Baby, it’s cold outside and ‘tis the season to cozy up. One of the best cold weather comforters is a hearty bowl of steamy stew. I recently made a coq au vin and served it with egg noodles. It’s the French version of chicken noodle soup. I not only wanted to celebrate Beaujolais Nouveau with this dish but I also wanted to help soothe the long, dark, harsh, bitter cold days that are upon us. The aroma created by the fusion of thyme, garlic, onions, carrots and chicken simmering in a savory broth of burgundy wine is like an invisible whisper to the psyche that triggers feel-good memories with each whiff. From just the smell of the stew brewing, feelings of satisfaction are produced. The brain releases oxytocin, the cuddle hormone in anticipation of getting our needs met, in this case, the need to be warm and comforted. Of our five senses, smell is the most emotionally powerful and the most elusive. It cannot be seen, tasted, felt, or touched, rather, it sends its messages to the limbic system, a mysterious part of the brain that arouses emotions and feelings instead of thoughts. Smell’s connection to seduction is natural and innate. So in cooking coq of vin with the intention of soothing, it’s good to understand that the reminiscence of this healing soup generates a smell that is synonymous with tenderness and warm feelings of trust. Drawn to the scent, one is drawn to the person preparing the food. “Lured by sensations that cannot be expressed in words, one is tempted to suspend natural thought and follow the lead of emotion” says Elaine Sciolino author of La Seduction about the power of a scent. The association of the cook to the meal produces feelings that linger long after the coq au vin is gone. Its allure is a manipulation of time. Subtle, yet this is one of the relationship connections between cooking and seduction. Allow the bitter cold to heat up your kitchen with irresistible aromas powerful enough to comfort and heal and delicious enough to more than satisfy.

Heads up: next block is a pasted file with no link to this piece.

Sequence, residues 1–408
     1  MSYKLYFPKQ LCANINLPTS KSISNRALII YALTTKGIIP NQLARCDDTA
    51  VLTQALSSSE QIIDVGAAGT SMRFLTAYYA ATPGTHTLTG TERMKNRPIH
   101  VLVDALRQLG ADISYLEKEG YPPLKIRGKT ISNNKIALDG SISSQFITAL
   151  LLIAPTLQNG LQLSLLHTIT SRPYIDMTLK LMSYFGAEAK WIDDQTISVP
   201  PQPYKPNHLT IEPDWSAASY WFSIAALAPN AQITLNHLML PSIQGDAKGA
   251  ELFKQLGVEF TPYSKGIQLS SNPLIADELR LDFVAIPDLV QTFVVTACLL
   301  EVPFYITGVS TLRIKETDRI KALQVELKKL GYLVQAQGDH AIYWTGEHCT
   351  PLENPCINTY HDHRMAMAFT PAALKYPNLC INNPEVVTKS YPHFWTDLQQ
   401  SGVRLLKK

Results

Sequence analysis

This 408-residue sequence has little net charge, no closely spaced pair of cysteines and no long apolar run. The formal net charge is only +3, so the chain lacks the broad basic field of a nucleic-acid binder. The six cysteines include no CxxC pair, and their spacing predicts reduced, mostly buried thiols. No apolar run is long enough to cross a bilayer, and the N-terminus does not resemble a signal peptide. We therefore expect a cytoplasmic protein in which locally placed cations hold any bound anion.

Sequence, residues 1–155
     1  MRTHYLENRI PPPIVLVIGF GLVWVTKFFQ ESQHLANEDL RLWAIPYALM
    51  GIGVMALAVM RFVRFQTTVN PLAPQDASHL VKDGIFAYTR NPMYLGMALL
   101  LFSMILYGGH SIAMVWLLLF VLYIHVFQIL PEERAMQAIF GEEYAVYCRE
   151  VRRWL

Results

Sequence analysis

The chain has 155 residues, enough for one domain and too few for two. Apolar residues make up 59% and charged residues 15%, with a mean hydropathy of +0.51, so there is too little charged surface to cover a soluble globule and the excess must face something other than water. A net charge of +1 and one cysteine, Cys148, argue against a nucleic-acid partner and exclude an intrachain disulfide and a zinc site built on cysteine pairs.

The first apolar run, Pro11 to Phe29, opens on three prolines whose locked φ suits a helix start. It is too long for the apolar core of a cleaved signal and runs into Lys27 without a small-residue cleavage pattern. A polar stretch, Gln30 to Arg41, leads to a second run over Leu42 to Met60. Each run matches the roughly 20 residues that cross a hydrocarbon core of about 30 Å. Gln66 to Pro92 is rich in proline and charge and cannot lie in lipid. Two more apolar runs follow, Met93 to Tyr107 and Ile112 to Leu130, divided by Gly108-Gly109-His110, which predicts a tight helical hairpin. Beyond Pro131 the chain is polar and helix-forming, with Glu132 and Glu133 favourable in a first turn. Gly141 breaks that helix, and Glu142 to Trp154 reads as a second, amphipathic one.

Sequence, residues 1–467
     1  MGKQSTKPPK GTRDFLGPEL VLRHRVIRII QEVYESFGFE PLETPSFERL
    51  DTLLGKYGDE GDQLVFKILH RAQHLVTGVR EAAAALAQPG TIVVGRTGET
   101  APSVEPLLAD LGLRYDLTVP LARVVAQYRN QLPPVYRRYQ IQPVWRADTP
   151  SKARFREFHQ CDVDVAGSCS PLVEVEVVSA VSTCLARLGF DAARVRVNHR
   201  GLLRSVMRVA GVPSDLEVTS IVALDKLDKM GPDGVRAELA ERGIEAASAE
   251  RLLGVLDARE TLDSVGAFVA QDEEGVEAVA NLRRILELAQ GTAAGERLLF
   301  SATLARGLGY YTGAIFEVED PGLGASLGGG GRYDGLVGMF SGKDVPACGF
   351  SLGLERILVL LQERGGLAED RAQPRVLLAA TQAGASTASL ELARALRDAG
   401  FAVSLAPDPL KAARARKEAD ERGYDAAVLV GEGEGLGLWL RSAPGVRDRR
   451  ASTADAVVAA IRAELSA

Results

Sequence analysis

Coq au Vin chez L’Amour
This recipe is inspired by the classic ingredients for coq au vin. French cuisine is often prepared with wine and while at the Food Network open cast for Season 11 of Food Network Star I met a wine expert. She and I struck a conversation while we waited for our number to be called. Based on her wine pairing expertise she gave me a list of recommendations for a burgundy after I shared with her that was preparing Coq au Vin. Unfortunately, the two wine shops that I visited did not have her recommendations in stock (list below); however, they recognized the value of the Josephine DuBois burgundy on the list, apologized for not having it and offered Le Bon Viveur Vin de Bourgogne instead. I couldn’t argue with a wine that calls for living a good life. I’ll drink, cook, and seduce to that.
- 2 tablespoons olive oil
- 4 slices Black Forest bacon
- 2 ½ pounds chicken thighs
- Spices: garlic powder, onion powder, creole blend, dried thyme
- 1 medium white onion, sliced
- 1 pound Parisian Carrots (Carottes Parisiennes), Trader Joe’s freezer
- 3 cubes crushed garlic (Dorot)
- ¼ cup Cognac
- ½ bottle burgundy wine (Le Bon Viveur Vin de Bourgogne)
- 1 cup chicken broth
- 10 sprigs fresh thyme
- 2 tablespoons butter, room temperature, divided
- 1 ½ tablespoons flour
- ½ pound frozen pearl onions
- ½ pound cremini mushrooms, stems removed
1 package egg noodles, prepare separately according to package instructions
Preheat oven to 250 degrees
Heat olive oil in a large Dutch oven. Add bacon and cook until lightly browned. Remove bacon.
Meanwhile season the chicken on both sides with spices. Brown the chicken pieces in batches in a single layer, turning to brown evenly. Remove the chicken and set aside.
Add the carrots and onions to the pan and cook until the onions are lightly browned. Add the garlic and cook for a minute. Add the Cognac and put the bacon and chicken in the pot. Add the wine, chicken broth and thyme and bring to a simmer. Cover the pot and place in the oven for 30 to 40 minutes. Remove from the oven and place on top of the stove.
Mash 1 tablespoon of butter and the flour together and stir into the stew. Add the frozen onions. In a medium saute pan, add the remaining butter and cook the mushrooms until brown. Add to the stew. Bring the stew to a simmer and cook for another 10 minutes. Serve hot.
Served with: I paired this serving with Trader Joe’s Camebert Cheese and Cranberry Sauce Fillo Bites instead of a traditional French baguette. It was a new product in Trader Joe’s freezer section and I’m always game for sampling new products. I also didn’t have a dessert so I hoped this fillo bite would satisfy both the sweet and bread craving that comes with dinner. They served the purpose well.
Burgundy Wine Recommendations
- Joseph Drouhin
- Josephine DuBois
- Louis Jadot
- Louis Latour